Across the seven ELE programs implemented as of December 2010, Medicaid and CHIP staff cited a number of potential benefits to applicants from their ELE programs. In five of the seven ELE programs (all except Alabama and Maryland), ELE required that applicants submit fewer documents in support of their ELE applications compared to standard applications, and required fewer interactions with state staff (Table 3). In addition, in six programs (all but Maryland), ELE applications were processed more quickly than standard applications, which resulted in expedited eligibility determinations for families. These expedited processes shortened the typical time from application to enrollment for an eligible child from roughly three or four weeks to one week or less.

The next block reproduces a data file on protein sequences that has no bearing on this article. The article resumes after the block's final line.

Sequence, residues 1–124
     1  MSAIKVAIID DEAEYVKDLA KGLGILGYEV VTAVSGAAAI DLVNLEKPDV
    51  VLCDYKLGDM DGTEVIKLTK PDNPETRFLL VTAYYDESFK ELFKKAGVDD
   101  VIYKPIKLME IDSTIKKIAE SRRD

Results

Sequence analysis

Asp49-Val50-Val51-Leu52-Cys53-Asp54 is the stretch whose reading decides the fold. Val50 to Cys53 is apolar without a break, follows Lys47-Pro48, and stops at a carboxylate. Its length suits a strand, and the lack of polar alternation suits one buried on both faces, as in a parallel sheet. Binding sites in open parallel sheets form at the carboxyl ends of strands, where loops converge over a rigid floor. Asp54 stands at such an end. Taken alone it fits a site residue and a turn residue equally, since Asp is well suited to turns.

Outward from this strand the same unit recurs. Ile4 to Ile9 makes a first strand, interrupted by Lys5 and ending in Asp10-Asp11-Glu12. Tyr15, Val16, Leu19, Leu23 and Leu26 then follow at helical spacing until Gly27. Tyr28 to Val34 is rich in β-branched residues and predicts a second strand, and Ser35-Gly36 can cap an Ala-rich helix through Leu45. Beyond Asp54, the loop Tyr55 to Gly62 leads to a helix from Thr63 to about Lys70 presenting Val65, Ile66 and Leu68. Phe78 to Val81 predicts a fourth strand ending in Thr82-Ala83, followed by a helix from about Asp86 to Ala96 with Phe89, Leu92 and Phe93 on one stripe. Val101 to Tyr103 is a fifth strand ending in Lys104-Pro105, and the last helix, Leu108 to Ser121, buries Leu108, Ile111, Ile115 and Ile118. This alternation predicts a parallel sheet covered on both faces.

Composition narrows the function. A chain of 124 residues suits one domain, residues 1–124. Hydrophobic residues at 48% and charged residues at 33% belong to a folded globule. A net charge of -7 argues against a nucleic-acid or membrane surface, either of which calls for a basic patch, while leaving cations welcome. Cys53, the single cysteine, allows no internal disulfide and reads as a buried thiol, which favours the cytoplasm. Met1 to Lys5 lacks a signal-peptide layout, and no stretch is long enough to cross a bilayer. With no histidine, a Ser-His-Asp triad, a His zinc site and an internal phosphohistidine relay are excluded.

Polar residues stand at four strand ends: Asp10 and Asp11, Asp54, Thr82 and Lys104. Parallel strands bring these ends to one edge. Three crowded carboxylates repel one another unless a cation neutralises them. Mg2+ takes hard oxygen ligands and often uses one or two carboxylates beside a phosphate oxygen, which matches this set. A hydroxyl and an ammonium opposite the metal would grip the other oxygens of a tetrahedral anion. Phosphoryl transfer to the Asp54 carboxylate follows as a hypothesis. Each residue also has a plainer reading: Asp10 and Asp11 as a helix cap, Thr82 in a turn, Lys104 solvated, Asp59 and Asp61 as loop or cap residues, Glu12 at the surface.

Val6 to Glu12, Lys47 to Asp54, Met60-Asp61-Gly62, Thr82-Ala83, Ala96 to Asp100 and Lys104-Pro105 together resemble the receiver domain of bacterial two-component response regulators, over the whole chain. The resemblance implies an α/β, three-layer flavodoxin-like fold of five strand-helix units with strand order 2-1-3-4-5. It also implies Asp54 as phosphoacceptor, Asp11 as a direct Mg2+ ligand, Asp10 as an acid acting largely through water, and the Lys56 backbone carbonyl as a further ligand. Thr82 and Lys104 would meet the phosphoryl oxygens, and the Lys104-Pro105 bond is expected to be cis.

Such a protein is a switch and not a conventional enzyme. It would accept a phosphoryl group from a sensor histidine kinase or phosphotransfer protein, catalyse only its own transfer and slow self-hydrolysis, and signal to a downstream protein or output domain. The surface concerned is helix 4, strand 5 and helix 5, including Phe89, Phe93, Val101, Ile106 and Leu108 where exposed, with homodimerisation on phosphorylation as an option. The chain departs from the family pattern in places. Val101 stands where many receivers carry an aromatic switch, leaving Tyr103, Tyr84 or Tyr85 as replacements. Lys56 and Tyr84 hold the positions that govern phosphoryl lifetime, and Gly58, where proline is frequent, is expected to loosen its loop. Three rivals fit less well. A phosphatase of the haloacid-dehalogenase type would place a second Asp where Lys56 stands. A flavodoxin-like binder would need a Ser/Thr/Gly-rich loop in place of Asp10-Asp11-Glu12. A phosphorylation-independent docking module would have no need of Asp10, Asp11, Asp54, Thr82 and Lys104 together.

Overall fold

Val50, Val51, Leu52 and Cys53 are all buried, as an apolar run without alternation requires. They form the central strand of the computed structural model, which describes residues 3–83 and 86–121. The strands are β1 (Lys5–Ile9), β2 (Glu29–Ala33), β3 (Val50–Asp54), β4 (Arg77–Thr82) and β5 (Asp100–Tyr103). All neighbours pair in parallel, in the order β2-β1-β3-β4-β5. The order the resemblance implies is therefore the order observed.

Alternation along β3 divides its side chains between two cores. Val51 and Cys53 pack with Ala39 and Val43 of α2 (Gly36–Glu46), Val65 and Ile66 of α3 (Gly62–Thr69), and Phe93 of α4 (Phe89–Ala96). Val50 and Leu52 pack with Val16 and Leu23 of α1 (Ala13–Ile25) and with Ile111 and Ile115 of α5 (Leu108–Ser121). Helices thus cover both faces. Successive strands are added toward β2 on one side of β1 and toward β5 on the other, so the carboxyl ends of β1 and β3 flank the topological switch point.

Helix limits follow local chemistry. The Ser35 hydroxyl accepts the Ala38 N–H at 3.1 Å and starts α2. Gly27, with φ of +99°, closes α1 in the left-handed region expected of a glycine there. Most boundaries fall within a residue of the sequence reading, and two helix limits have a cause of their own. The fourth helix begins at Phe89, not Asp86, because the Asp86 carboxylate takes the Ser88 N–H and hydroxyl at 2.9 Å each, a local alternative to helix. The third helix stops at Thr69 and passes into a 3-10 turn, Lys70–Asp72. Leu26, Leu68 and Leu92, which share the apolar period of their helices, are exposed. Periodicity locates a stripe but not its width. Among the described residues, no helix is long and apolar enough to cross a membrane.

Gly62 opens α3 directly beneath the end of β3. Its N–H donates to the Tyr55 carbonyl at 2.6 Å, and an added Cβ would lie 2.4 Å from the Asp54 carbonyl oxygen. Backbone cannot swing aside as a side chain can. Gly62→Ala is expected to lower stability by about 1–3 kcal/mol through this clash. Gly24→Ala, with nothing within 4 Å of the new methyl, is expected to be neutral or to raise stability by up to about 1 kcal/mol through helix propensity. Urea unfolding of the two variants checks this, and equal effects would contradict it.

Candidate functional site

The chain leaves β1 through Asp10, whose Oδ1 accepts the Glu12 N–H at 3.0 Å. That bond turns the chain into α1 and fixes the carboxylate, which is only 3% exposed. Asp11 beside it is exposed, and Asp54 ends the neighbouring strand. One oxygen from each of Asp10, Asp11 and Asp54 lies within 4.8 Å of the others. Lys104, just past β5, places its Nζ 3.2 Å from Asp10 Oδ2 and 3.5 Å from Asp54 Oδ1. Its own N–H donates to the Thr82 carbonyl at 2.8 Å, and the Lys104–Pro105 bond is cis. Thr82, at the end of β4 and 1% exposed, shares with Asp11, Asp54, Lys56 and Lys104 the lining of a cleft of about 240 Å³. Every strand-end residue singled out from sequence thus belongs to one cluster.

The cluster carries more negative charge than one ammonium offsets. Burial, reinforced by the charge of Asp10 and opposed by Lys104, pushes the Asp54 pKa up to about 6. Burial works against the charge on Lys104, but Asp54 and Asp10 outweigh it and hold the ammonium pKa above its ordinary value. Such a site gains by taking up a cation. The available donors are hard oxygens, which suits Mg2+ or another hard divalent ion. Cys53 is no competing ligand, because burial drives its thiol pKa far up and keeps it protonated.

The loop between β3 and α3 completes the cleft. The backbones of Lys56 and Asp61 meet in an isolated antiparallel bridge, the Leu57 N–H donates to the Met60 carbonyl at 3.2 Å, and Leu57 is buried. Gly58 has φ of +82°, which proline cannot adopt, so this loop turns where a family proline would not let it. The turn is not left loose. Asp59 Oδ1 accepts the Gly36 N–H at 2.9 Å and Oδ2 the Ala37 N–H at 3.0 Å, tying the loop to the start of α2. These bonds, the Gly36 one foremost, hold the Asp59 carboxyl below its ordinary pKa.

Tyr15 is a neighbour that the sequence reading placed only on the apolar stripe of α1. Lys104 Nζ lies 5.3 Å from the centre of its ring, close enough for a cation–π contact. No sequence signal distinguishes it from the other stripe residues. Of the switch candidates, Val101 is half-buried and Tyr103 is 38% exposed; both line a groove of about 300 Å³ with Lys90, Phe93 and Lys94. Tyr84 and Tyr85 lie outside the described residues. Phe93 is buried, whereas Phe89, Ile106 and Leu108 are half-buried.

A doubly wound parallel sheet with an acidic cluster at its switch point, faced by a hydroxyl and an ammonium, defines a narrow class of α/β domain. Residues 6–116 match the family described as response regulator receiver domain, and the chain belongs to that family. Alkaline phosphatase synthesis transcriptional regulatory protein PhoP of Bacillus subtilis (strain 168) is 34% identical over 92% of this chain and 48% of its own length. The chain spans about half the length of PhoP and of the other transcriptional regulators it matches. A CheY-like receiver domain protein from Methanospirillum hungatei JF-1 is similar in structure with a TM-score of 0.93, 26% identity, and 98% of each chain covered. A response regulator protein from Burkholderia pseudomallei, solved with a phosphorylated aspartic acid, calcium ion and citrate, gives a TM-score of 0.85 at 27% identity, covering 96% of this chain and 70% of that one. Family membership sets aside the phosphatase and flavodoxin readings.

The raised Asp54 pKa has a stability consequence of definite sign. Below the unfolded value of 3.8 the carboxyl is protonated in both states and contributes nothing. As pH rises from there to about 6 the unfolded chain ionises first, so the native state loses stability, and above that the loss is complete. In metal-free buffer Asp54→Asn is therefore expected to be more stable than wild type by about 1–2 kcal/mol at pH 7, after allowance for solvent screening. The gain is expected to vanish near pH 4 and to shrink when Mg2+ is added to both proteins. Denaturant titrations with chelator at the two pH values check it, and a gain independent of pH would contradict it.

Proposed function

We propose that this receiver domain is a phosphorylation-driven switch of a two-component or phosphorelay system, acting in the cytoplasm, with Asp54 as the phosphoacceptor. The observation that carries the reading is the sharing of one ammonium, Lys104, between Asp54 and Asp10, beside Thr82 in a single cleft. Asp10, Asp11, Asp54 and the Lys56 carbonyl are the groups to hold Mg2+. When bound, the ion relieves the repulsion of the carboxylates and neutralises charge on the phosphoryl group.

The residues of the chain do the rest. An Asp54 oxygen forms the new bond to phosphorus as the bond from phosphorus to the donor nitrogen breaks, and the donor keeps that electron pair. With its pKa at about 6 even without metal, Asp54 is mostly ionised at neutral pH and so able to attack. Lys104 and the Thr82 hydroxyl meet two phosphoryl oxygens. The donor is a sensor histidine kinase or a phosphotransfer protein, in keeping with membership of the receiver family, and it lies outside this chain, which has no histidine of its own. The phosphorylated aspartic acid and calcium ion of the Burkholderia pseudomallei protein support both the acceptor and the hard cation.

Some states also noted that ELE has improved the application experience of non-ELE applicants. For example, in New Jersey, the use of tax information in ELE has led to more extensive use of tax information in standard application processing. Specifically, people applying via the standard route are permitted to attest to income and are not required to provide pay stubs if their attestation matches tax return data. Also, in Alabama and Louisiana, state staff suggested that the time saved by diverting some applications to ELE routes has meant that standard processing times for non-ELE applications are quicker than they would be otherwise.